The Hsp40 chaperone Jjj1 is required for the nucleo-cytoplasmic recycling of preribosomal factors in Saccharomyces cerevisiae

Défenses Antivirales et Antitumorales, CNRS-UMR5235, Université Montpellier II, France.
RNA (Impact Factor: 4.94). 10/2007; 13(9):1570-81. DOI: 10.1261/rna.585007
Source: PubMed


Ribosome biogenesis is a major conserved cellular pathway that requires both ribosomal proteins and many preribosomal factors. Most of the pre-60S factors are recycled into the nucleus; some of them shuttle between the nucleus and the cytoplasm while a few others, like Rei1, are strictly cytoplasmic and are mostly involved in the dissociation/recycling of the pre-60S shuttling factors. Here, we investigated the role of the Jjj1 Hsp40 chaperone in ribosome biogenesis. The absence of Jjj1 leads to a cold sensitive phenotype, a defect in the relative amount of the large ribosomal subunit with the appearance of halfmers, and to cytoplasmic accumulation of shuttling factors such as Arx1 and Alb1, which stay bound to the pre-60S particles. Jjj1 is, thus, a novel pre-60S factor involved in the last cytoplasmic steps of the large ribosomal subunit biogenesis. We report the biochemical association of Jjj1 and Rei1 to similar pre-60S complexes, their two-hybrid interactions, and their functional links. Altogether, these results indicate that Rei1 and Jjj1 share many common features. However, while the functions of Jjj1 and Rei1 partially overlap, we could distinguish specific role of the two proteins in Arx1/Alb1 and Tif6 recycling. We propose that Jjj1 is preferentially required for the release of Arx1 and Alb1 shuttling factors from the cytoplasmic pre-60S particles while Rei1 is preferentially involved in their recycling.

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Available from: Emilie Demoinet, Jan 05, 2015
    • "Mutations in Rei1 and Jjj1 lead to accumulation of Arx1 on pre-60S subunits in the cytosol (Hung and Johnson, 2006; Lo et al., 2010; Meyer et al., 2007, 2010) and block downstream pre-60S maturation events, including the release of the anti-association factor Tif6p (the yeast homolog of human eIF6) from the interface side of the 60S subunit (Lebreton et al., 2006; Lo et al., 2010). These defects can be alleviated by deletion of Arx1 (Hung and Johnson, 2006; Lebreton et al., 2006; Lo et al., 2010) or Alb1 (Demoinet et al., 2007; Lebreton et al., 2006; Meyer et al., 2007), a small, highly positively charged protein that forms a stable complex with Arx1 and is thereby recruited to the maturing pre-60S particle in the nucleoplasm (Bradatsch et al., 2007, 2012; Lebreton et al., 2006). These observations indicate that events at the tunnel exit are coordinated with maturation steps at the subunit interface and that the presence of Arx1 and Alb1 is inhibitory to downstream maturation. "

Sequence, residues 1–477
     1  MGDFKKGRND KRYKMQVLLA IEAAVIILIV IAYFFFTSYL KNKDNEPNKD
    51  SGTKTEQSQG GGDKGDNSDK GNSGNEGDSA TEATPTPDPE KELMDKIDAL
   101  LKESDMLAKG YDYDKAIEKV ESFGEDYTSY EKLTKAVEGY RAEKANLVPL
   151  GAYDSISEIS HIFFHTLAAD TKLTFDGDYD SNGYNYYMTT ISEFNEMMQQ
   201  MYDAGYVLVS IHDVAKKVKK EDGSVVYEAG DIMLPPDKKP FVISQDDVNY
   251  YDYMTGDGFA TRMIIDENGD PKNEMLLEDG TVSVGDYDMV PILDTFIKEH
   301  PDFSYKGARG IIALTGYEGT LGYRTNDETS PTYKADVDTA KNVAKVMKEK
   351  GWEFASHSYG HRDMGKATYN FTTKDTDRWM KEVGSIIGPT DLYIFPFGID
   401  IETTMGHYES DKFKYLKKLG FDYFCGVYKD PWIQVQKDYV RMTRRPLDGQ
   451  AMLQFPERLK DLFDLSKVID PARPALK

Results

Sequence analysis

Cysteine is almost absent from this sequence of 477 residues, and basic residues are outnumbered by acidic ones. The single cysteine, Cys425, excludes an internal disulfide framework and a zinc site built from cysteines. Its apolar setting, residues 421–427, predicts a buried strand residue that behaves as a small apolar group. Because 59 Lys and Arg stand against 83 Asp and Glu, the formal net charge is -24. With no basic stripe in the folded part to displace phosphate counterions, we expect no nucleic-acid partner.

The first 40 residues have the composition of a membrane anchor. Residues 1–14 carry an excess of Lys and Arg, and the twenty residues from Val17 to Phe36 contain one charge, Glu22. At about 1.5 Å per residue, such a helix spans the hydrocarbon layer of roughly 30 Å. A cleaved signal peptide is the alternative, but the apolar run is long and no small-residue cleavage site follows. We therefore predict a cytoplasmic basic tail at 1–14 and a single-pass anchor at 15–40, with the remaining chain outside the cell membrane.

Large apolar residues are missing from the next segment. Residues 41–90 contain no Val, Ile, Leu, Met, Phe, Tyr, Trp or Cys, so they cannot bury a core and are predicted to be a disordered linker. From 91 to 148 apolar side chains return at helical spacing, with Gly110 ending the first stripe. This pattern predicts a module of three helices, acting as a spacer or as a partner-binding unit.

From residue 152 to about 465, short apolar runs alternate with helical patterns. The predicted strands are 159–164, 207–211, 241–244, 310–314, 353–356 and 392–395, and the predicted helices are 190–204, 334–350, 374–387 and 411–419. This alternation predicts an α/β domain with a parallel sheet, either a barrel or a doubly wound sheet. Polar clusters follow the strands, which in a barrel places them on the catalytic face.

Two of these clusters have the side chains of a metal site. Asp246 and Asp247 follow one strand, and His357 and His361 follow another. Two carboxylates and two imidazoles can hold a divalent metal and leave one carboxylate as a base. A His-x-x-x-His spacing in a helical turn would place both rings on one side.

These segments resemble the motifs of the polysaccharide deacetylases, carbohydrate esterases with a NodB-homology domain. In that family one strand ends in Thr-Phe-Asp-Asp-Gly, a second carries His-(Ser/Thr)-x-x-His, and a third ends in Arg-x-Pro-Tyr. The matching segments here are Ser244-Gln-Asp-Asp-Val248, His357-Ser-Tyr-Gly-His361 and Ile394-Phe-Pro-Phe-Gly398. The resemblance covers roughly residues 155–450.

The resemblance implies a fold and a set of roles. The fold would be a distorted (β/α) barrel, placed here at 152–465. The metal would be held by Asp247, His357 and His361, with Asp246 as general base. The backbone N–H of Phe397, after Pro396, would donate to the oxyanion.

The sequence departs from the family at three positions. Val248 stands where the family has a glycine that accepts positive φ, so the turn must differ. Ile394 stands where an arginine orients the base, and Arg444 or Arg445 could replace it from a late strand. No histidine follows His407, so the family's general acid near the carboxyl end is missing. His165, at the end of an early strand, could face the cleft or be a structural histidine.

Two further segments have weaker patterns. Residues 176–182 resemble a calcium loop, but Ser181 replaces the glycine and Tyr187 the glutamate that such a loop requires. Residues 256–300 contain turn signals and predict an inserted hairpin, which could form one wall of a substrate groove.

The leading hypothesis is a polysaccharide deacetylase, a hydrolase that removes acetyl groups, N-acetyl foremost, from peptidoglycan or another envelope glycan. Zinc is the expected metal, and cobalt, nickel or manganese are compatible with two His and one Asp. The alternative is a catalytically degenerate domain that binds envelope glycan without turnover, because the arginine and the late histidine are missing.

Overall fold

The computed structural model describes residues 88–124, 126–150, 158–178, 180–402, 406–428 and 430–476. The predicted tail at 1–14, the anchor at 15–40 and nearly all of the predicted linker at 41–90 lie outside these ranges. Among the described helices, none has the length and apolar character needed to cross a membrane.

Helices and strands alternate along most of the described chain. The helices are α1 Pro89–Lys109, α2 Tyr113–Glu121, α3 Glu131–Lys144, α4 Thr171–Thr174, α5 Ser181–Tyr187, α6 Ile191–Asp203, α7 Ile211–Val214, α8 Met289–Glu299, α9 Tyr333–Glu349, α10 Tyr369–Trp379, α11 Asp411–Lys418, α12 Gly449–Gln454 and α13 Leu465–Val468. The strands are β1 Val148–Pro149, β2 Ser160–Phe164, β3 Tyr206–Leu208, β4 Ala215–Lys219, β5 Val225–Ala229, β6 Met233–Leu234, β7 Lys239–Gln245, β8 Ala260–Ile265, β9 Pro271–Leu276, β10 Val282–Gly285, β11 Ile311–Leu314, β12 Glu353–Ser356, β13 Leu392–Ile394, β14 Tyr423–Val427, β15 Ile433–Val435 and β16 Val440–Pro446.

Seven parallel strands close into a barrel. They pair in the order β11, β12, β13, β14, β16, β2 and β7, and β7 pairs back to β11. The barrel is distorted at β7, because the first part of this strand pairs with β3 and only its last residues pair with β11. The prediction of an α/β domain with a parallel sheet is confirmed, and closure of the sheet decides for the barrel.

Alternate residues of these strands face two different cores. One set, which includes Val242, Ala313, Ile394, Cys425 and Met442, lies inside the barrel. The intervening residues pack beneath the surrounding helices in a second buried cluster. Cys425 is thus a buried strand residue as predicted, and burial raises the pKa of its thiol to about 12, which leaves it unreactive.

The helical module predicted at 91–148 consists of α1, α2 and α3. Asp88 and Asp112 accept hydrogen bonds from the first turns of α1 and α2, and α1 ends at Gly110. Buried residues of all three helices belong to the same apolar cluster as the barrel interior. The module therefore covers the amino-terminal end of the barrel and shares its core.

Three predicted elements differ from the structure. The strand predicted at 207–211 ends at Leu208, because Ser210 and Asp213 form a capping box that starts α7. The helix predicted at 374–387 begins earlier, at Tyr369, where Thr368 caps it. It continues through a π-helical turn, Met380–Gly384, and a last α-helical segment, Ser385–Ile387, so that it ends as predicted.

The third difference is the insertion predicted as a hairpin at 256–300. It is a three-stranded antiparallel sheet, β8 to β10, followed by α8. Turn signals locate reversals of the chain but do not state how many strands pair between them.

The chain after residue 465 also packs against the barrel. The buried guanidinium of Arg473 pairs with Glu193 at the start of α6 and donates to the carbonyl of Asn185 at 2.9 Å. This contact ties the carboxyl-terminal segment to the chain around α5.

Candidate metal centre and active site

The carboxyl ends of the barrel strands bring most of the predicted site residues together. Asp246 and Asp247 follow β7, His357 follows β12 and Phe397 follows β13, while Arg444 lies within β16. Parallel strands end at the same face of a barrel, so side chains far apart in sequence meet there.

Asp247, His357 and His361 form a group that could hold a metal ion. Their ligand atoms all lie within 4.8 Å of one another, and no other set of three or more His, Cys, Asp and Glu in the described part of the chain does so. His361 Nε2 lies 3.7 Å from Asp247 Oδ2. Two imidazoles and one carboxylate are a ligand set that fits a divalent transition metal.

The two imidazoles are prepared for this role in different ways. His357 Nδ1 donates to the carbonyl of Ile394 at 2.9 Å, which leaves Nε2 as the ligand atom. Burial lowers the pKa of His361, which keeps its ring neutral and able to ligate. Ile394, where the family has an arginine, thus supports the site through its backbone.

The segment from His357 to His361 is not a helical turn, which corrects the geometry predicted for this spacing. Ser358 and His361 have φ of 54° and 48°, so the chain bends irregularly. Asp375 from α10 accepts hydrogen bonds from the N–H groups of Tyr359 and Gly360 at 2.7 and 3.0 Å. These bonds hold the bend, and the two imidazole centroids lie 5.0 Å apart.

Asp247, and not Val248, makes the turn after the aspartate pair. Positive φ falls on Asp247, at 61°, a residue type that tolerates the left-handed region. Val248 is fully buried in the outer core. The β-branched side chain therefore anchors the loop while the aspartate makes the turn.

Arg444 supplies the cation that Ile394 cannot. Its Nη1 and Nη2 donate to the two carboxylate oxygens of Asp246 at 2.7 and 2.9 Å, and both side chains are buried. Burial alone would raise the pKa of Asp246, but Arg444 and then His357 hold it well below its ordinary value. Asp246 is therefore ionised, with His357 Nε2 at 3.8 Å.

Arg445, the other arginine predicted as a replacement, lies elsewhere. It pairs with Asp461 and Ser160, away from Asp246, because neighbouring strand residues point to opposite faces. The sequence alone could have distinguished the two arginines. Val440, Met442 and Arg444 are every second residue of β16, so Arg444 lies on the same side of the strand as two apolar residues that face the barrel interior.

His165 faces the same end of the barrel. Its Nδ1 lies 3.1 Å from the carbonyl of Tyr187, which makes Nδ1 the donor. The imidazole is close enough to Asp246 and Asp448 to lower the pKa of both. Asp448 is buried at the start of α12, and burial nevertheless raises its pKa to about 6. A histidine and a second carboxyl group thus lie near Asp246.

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    • "Rpl24Ap or the almost-identical Rpl24Bp are thought to replace Rlp24p in the cytosol. Jjj1p is an Hsp40 heat shock chaperone (Demoinet et al., 2007) and cooperates with Rei1p to remove Alb1p from the pre-60S subunit (Meyer et al., 2010). This step initiates Arx1p and Alb1p recycling to the nucleus. "
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    • "The cytosol/nucleus of the budding yeast, S. cerevisiae, which contains a large functional network of 13 J-protein superfamily members, has been useful as a model system for understanding the diversity of J-protein function in cellular processes. This has particularly been the case for J-proteins structurally different from those of the DnaJ-type, such as Cwc23 (Sahi et al. 2010) and Jjj1 (Demoinet et al. 2007; Meyer et al. 2007), which are involved in mRNA splicing and ribosome biogenesis, respectively. The abundant DnaJ-type J-protein of the cytosol/nucleus, Ydj1, has also been studied extensively and shown to play general roles in de novo protein folding, protein translocation across membranes , and thermotolerance (Becker et al. 1996; Glover and Lindquist 1998; Summers et al. 2009). "
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